1. Sicilians and Calabrians have genuine Levantine admixture from Phoenicians (with Calabria receiving theirs via Sicily) but other southern Italians plot where they do, as East Mediterranean, along with ancient Roman samples, primarily because of something Aegean, whereas the Levantine input in Sicily/Calabria is a secondary or tertiary element that reinforces their plotting position and/or brought them back "south" to counterbalance possible Northern influences.


    2. Levantine admixture in the Roman era was not yet stabilized across the population as it is now,


    4. Aegean influences (i.e. groups resembling modern Aegean islanders) formed the basis of the central and southern Italian population, and similarly to how Greeks from the mainland have Slavic influence, the gradient in central Italy to the south today as it deviates from Sicilians/Cretans/Aegean islanders is based on varying degrees of Germanic input, similar to how Greeks form a gradient based on their Slavic input.

    Is this generally what you're saying?
    Pretty much, yes, except for two things:

    3. Different groups can plot in similar positions but be made up of entirely different components, thus there are reasons people could plot near modern Sicilians but not have Levantine influence, while Sicilians have it and plot where they do because there must have been other elements counterbalancing the Levantine input and restoring them to their position today.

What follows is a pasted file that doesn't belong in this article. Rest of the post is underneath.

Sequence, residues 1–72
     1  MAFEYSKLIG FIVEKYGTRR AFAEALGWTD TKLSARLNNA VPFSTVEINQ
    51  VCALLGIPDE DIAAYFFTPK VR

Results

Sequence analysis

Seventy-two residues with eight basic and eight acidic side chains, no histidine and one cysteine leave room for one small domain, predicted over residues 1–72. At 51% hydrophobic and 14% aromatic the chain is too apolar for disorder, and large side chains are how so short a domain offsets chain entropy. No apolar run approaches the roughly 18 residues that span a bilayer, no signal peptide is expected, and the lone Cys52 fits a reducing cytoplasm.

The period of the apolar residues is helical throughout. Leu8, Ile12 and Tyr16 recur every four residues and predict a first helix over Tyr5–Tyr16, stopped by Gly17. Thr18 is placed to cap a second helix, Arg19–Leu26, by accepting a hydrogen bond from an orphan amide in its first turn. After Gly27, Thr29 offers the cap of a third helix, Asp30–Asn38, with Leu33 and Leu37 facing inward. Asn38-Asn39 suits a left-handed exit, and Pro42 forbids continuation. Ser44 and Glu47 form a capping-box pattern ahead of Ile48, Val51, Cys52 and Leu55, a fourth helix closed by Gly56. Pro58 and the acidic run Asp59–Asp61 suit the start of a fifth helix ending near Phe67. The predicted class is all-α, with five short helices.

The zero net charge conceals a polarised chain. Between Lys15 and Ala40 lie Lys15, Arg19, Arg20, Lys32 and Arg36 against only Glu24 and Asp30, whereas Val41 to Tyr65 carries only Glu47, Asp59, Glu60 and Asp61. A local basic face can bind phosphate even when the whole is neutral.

The shared Levantine admixture between all East Mediterranean people assist and further increase their affinity towards each other. Let's say that without it, only roughly ~50% of their admixture would be similar, the rest different. Considering the different contemporary East Mediterranean populations have anything from 10-45% Levantine on top of their shared 50% Aegean-like substrate, increase and counter balance all sorts of Slavic, North West European or North African admixtures, which would make these populations cluster together, but perhaps less "tightly".

    Even those ancient Central Italian Sicilian-like samples had some Levantine admixture (albeit non-homogeneous), don't forget.

    And also, in no. 4:

    gradient in central Italy to the south today as it deviates from Sicilians/Cretans/Aegean islanders is based on varying degrees of Germanic input